TVNZ's Gallipoli drama When We Go to War gets off to an uneven melodramatic start in its debut double episode.

After the earnestness of most every other Gallipoli and World War I screen production of recent months, it was time for some light relief.

Or that's how it seemed with When We Go To War's debut double episode tonight

Here, any viewer battle fatigue was to be revived with the smelling salts of melodrama, laced with an astringent whiff of sociology.

And any thought that WWGTW was just going to be yet another retelling of the Anzac legend - like Gallipoli, the epic, well-meaning but largely unwatched Australian production - soon evaporated with its opening episode, which featured two sex scenes in the first 10 minutes.

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Neither were very sexy. Though they did show the costume department had gone to some trouble to get those post-Edwardian undergarments just right.

Well that's what $5.9 million of On Air Platinum Fund money buys you, complete with obviously digitally rendered wideshots of old Auckland complete with smoking chimneys and later, Anzac Cove, complete with smoking artillery.

Oh, it also gets an ensemble cast who delivered decidedly mixed performances in an uneven double episode - a strangely jarring scene-setter set mostly on the homefront followed by a decent second half taking place mostly at Gallipoli.

The programme had come about with TVNZ wanting a drama to mark the occasion and "tell our story".

Up stepped drama writers-creators Gavin Strawhan, Briar Grace-Smith, Rachel Lang with director Peter Burger -- fresh from his fine non-fiction WWI telemovie Field Punishment No.1 - and producer Robin Scholes. Add various historical consultants and you've got quite a panel with a very big brief.

The result certainly feels designed by committee.

The episodes are based on letters - cue voice-overs - from one character to another with the device leaving space for flashbacks to life before the war, which is all connected to the shopkeeping Smith family of Auckland.

In the case of part one, that was feisty proto-feminist nurse Bea Smith (Esther Stephens) who we meet dealing with a flood of Kiwi Gallipoli casualties at a military hospital in Alexandria (where she was heard shouting about "gurneys", a relatively modern American word, to the stretcher bearers).

Among the mayhem, she finds that in the same hospital is Aussie Dr William Chambers (Tom O'Sullivan) who, we learn in those flashbacks was her lecturer in gross anatomy back when she was at Otago Medical School trying to become a doctor.

Because she had been shagging the handsome but charmless Doc Chambers and caused a scandal she had been busted back to nurse then off to war.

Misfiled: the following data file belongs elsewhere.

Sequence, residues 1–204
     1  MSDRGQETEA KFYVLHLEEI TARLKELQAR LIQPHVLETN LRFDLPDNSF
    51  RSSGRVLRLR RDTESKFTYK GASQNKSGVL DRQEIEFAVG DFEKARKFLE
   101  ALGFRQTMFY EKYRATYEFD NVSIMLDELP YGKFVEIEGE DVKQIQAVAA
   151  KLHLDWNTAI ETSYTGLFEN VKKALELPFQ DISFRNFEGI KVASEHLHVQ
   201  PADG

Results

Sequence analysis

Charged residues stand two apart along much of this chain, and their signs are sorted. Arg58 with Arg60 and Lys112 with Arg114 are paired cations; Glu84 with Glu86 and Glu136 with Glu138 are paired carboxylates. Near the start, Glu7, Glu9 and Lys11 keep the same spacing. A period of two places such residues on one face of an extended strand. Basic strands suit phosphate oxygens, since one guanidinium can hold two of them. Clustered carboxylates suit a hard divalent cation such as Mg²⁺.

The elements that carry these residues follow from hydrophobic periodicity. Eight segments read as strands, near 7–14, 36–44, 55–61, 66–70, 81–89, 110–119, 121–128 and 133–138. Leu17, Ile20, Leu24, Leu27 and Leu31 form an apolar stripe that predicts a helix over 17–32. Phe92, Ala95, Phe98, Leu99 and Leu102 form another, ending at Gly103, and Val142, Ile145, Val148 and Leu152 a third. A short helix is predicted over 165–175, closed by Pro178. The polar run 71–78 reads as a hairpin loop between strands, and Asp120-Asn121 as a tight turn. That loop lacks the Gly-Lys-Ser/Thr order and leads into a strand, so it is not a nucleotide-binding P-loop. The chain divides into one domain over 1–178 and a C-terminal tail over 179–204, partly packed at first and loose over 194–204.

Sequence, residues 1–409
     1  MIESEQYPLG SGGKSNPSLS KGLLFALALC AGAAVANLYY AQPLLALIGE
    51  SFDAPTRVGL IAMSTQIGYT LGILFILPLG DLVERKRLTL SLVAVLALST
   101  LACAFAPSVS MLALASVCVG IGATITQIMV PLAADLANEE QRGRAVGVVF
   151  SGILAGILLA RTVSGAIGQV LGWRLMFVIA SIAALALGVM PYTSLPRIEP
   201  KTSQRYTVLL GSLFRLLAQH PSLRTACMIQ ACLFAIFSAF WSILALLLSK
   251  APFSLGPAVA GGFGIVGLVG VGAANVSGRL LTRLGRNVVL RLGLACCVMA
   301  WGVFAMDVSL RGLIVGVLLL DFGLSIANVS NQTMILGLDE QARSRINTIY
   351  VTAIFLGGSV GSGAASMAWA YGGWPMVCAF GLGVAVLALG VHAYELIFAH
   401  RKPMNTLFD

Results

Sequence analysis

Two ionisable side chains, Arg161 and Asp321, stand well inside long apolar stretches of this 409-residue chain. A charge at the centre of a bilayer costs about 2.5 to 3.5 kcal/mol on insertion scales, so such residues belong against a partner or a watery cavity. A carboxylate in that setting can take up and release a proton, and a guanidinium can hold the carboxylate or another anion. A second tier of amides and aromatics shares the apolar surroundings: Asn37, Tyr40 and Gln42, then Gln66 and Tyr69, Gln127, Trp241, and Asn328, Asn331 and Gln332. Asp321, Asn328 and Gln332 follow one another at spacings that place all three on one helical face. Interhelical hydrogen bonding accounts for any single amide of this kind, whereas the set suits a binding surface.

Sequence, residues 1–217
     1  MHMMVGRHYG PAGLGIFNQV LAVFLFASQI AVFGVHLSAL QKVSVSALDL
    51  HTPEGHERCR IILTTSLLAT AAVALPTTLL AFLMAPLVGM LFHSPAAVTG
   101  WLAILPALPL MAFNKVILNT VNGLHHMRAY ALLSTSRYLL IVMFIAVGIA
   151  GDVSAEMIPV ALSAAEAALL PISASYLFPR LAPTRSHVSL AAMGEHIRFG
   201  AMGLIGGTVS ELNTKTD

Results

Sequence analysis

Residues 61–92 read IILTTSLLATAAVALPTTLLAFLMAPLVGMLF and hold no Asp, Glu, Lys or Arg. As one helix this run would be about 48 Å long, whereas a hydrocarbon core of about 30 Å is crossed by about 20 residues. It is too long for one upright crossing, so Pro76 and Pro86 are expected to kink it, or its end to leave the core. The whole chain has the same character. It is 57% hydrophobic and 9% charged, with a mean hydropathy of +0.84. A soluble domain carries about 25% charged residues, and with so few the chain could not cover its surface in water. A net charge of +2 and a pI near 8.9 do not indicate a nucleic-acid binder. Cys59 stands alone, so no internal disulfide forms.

Much of the first episode involved Bea telling William where to go repeated times then, finding him in Alexandria, instantly looking like she was reconsidering her options.

Which is one of the jarring things about When We Go To War. Two episodes in and already any character integrity seems to have been left badly wounded.

Take Bea's younger troublesome brother Harry (Milo Cawthorne).

One minute, the black sheep of the family is down the local opium den with his leftie mates refusing to fight for the Empire in between boffing the married barmaid.

Next he's enlisted and charging up a ridge at Gallipoli.

Or how about one of the show's two main Maori characters, Manaaki Kokiri (Alexander Tarrant)?

One minute he's turned up in the big smoke looking for his sister, saying his tribal land has been stolen -- plenty of tribes said no to WWI enlistment because of that -- and thumping the Bible's "thou shalt not kill" clauses. But after some mad melodrama with his actress sister (Shavaughn Ruakere) and her French film director (Eh? Whole other story. Not quite sure what it's doing in this one), he's sharpshooting at Johnny Turk.

That Manaaki is serving alongside Harry does raise some questions. Maori did join up and weren't all in the Native Contingent which landed a few months into the campaign.

There was a famous Maori sniper Hami Grace who died at Chunuk Bair. But he was too-good-to-be-true hero material. It seems he's become part of a composite character here.

Actually WWGTW has its own hero-in-the-making. Oldest brother Charles Smith (Ido Drent) is a native land court lawyer so speaks fluent te reo and takes a benevolent interest in Manaaki.

He's also a dashing officer in the territorials so soon off to the Dardenelles. That's with the blessing of his excruciatingly prim fiancee Violet (Sophia Huybens), the daughter of Sir Henry Penrose.

The garden party for their engagement involved a spot of class warfare between drunkard pinko Harry and Violet's brother, who exclaimed: "The bounder hit me!" in one of the debut episode's better outbursts of amateur dramatics.

Scenes like that showed that WWGTW is at pains to remind us that yes, we were once more British than the British. But that yes, not everyone supported our foray into WWI and there were sex and drugs and bad behaviour in those days too.

Problem is, the series feels so heavy-handed in its characterisations and contrived in its plotting, that it's going to be hard to care when the next character starts reading out another letter.

It might be a drama designed to tell a Gallipoli-centric version of "our story". But to do that, WWGTW feels like it's telling stories about no-one in particular.

Meeting them all last night, you couldn't help but think, it's going to have its work cut out sustaining viewer interest and it's already feeling like an opportunity wasted.